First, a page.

We will work with Travel Portland on joint campaigns to promote the city as a destination to our global community, highlighting its unique characteristics and diverse neighborhoods; and sending visitors to local small businesses throughout the city.

Travel Portland’s “Portland is Happening Now” campaign

It is not a coincidence that Portland is our first Shared City. Portland has a history of being a leader when it comes to urban innovation. Portland has long been a great home for entrepreneurs and has led the way in promoting green tech, conservation, and co-working spaces.

So how can you become a Shared City?

If you want to live in a Shared City, email me your thoughts and ideas for how we can work together: [email protected]

If you are a city leader that wants to partner with us, or learn more, let us know: [email protected]

Our goal is to become even better partners with more and more cities over the coming months and years.

We are committed to enriching cities and designing the kind of world we want to live in.

Together, let’s build that shared world city by city.

Bastille neighborhood, Paris, photograph by Marc Olivier Le blanc
Next Story — The Eternal Treehouse
Currently Reading - The Eternal Treehouse

The Eternal Treehouse

At the beginning of each year, I like to write an email to our company about what I think is important for the year ahead. This year, I shared this story about two of our hosts and their treehouse.

I want to tell you a story about two of our hosts, Doug and Linda.

Doug and Linda share a popular treehouse in Burlingame, California. They originally built it for two of their kids, Chloe and Brett. They used to play in the treehouse, but then they grew up and moved out of the house, and Doug and Linda were left with an unused treehouse in their yard. What should they do with it? Their eldest daughter Mackenzie recommended they list it on Airbnb. Since they started hosting 5 years ago, Doug and Linda have hosted nearly 1,000 people from all over the world.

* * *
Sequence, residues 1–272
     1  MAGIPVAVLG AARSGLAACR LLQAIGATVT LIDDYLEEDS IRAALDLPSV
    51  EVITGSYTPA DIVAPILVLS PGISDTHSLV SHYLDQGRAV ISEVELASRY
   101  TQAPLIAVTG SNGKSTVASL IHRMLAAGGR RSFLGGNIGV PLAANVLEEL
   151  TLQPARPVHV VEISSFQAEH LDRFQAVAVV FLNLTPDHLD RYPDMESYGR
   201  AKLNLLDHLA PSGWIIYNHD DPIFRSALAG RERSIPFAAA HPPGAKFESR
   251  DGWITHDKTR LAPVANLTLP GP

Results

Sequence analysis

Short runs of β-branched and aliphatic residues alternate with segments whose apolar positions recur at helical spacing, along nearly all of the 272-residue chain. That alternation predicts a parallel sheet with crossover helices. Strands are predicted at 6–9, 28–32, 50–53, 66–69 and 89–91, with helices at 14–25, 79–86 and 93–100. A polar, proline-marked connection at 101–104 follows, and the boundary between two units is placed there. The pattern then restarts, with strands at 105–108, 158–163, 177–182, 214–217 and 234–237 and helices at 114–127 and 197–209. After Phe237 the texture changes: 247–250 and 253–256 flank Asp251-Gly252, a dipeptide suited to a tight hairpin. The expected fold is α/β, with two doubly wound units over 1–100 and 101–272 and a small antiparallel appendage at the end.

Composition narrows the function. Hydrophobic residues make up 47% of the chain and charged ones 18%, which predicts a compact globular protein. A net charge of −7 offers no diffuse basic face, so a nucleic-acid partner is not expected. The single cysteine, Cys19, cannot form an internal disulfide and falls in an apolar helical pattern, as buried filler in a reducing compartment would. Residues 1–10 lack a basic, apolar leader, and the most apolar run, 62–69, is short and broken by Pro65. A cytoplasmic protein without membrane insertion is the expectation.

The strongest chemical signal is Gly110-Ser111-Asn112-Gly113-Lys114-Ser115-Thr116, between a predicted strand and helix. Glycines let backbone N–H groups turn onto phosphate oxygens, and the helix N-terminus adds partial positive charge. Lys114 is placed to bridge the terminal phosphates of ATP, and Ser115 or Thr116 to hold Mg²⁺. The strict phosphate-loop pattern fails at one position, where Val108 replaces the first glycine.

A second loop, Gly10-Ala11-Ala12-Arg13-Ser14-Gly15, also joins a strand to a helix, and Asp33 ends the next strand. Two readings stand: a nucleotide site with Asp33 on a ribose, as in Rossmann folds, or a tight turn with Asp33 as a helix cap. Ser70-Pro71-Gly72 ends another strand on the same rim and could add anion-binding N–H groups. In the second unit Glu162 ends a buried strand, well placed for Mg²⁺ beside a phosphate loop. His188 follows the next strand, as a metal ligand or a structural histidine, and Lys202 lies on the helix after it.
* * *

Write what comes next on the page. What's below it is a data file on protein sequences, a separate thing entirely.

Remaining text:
They believe so passionately that their treehouse is more than just a place to stay. It’s a gateway into their lives. As much as any hosts on Airbnb, Doug and Linda represent our ideals, and Joe, Nate, and I have become very close to them over the years. We did a photoshoot with them a couple years ago, and they have been featured in interviews and on stage at Airbnb events.

Three weeks ago, as I was going away on holiday, I received a letter from Doug. He informed me that after a difficult battle with breast cancer, Linda passed away. I was devastated to read this news.

I had not quite known what Airbnb meant to Linda until the end of the letter that Doug had sent to me. He said,